Aboriginal Landscapes and their Place in the Classroom

By Michael Donovan.

Published by The International Journal of Science in Society

Format Price
Article: Print $US10.00
Article: Electronic $US5.00

Aboriginal cultural knowledge in science classrooms can be used to engage Aboriginal students and inform all students about Aboriginal Australia. The worldview of Aboriginal people can inform all students about their understandings and knowledge systems that Aboriginal people use and value. These knowledge systems highlight aspects of Aboriginal culture, a unique culture of difference in Australian society to inform all students of aspects of the oldest living culture globally. These understandings will also present the richness of their local environment and landscapes from an Aboriginal perspective. This paper will highlight the use of Aboriginal narration and its use of storytelling to inform and teach from a different viewpoint of western society. Many Aboriginal Dreaming stories present natural phenomena and landscapes from a point of difference and can allow students to make some critical comparisons and understandings from various cultural understandings about landscapes and their importance. The paper will also examine the scientific observations that are intimately linked to Aboriginal cultural practices and Aboriginal societies maintenance of their environments and long term survival.

Keywords: Aboriginal Cultural Knowledge, Knowledge Systems, Cultural Difference, Aboriginal Education

The International Journal of Science in Society, Volume 2, Issue 3, pp.243-252. Article: Print (Spiral Bound). Article: Electronic (PDF File; 733.229KB).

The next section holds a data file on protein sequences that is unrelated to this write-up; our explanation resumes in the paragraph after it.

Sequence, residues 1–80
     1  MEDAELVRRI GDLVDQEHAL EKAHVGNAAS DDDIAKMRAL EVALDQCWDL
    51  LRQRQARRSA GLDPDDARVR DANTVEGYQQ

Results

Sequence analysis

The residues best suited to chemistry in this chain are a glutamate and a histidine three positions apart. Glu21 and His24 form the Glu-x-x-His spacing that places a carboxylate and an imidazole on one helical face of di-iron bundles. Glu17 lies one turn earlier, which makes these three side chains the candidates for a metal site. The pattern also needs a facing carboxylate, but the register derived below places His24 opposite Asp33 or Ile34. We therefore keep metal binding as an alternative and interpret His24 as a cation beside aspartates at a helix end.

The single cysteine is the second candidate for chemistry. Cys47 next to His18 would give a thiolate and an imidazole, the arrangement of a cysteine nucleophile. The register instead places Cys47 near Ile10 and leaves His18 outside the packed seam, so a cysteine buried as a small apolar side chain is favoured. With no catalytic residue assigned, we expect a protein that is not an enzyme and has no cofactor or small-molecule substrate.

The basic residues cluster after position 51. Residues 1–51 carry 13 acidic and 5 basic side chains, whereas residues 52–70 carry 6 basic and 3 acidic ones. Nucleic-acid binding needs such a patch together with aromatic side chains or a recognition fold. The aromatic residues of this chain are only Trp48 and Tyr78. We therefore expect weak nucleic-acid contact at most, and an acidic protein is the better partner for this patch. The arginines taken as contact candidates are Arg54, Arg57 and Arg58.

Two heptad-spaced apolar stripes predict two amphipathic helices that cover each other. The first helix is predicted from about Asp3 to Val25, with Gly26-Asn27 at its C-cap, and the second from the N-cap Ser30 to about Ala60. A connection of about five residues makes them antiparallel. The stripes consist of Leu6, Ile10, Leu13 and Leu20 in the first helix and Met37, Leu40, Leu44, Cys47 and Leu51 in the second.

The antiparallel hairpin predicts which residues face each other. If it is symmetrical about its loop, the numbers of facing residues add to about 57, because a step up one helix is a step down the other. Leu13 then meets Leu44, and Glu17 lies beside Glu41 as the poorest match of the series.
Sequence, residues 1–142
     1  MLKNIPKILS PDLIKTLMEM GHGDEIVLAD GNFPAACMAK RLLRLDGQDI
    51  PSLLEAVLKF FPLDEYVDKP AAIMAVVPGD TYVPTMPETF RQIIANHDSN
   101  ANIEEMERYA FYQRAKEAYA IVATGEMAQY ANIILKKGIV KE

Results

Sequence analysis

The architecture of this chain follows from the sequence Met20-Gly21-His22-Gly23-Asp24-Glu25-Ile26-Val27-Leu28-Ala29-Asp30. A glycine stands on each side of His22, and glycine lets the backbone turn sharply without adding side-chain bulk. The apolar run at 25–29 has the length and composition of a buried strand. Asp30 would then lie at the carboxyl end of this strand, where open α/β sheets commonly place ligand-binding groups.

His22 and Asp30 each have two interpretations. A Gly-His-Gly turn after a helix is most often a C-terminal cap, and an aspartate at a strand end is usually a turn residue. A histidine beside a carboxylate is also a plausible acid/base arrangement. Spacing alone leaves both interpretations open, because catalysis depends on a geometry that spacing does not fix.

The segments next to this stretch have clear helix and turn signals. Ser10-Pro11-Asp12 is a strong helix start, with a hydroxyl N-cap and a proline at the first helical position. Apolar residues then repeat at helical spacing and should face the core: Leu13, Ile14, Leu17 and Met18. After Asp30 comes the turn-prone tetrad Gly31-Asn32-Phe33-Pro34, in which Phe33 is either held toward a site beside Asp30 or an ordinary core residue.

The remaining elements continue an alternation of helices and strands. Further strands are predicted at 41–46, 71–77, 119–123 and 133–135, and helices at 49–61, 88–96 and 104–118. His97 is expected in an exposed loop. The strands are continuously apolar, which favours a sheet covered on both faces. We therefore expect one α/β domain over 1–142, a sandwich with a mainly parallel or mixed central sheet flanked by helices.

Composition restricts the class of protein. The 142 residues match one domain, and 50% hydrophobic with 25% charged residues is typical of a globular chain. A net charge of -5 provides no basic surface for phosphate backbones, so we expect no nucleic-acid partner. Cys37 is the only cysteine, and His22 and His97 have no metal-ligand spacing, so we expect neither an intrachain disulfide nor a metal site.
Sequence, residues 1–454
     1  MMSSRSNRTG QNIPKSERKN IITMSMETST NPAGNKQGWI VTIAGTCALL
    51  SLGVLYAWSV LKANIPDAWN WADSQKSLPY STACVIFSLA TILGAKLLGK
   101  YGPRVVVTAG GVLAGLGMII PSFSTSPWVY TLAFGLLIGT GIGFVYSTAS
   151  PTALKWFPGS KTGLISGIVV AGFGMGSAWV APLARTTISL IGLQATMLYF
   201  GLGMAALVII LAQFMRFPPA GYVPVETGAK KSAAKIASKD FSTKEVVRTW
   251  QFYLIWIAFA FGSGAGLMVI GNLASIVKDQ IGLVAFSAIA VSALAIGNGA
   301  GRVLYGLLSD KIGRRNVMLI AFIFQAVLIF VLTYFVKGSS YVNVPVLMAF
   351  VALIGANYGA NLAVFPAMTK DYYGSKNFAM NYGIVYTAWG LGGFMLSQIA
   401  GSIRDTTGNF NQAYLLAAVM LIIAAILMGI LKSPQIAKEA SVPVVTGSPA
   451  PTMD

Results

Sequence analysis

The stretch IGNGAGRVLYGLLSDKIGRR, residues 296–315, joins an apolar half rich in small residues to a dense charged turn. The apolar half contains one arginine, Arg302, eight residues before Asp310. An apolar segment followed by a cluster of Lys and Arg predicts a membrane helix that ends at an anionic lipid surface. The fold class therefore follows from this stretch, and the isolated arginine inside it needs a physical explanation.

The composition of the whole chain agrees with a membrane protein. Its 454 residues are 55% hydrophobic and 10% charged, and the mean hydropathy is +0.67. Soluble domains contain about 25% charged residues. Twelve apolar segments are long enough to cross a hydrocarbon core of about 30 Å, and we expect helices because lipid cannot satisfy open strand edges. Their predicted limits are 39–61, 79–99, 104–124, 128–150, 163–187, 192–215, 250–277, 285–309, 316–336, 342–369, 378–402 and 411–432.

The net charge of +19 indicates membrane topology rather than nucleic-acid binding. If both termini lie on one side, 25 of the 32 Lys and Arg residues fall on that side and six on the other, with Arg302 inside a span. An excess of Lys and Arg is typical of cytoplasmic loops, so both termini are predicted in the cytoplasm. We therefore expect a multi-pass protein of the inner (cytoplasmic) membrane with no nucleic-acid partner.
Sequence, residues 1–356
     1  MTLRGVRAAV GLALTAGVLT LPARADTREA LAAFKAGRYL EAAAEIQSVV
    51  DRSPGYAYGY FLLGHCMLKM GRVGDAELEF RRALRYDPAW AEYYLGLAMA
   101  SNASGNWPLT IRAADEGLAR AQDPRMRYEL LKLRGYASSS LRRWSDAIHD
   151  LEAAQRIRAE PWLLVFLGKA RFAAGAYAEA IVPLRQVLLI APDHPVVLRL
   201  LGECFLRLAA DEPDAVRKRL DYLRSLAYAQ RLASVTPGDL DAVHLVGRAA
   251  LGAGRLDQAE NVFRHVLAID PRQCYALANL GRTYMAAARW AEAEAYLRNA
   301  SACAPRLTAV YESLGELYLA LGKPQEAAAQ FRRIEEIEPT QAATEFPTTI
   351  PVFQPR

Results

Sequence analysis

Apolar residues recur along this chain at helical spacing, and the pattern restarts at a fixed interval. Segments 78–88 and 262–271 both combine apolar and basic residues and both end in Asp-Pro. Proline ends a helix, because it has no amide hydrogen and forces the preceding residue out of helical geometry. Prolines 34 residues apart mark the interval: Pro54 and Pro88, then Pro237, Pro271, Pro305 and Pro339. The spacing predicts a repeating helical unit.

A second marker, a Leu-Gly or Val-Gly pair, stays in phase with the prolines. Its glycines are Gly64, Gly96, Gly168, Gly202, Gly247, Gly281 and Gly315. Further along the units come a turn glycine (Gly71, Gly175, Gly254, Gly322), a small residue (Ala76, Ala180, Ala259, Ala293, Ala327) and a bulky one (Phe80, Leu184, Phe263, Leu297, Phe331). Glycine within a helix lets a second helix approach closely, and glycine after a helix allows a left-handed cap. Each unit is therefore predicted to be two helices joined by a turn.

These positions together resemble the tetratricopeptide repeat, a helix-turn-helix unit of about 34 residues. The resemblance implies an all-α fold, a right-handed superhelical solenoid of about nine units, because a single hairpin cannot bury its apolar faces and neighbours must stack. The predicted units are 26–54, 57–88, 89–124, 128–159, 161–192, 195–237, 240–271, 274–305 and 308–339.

Michael Donovan

Lecturer, The Wollotuka Institute, Faculty of Education & Arts, University of Newcastle, Callaghan, NSW, Australia

I have worked in Aboriginal education for 18 years from schools through to University from being an Aboriginal Education Assistant through to completing my Bachelor of Teaching (Primary) with Honours, Class 1 and I am enrolled in a PhD in examining quality pedagogy in relation to supporting Aboriginal students educational outcomes. I am tenured at the Wollotuka institute at the University of Newcastle. My main focus is in Aboriginal education and human rights in relation to Aboriginal Australians. My research practices examine aspects of Aboriginal society and highlighted its importance in schools in supporting students’ understandings of Aboriginal Australia and its important place in Australian society. Interests include Aboriginal education, quality teaching and pedagogy, use of ICT, social justice and human rights relating to Aboriginal society. My involvement with the Aboriginal Education Consultative Group (AECG) at all levels from State Executive to Local AECG involvement is another professional strength. This is due to its voluntary membership and supportive network of educators who value the need to support Aboriginal students’ educational needs.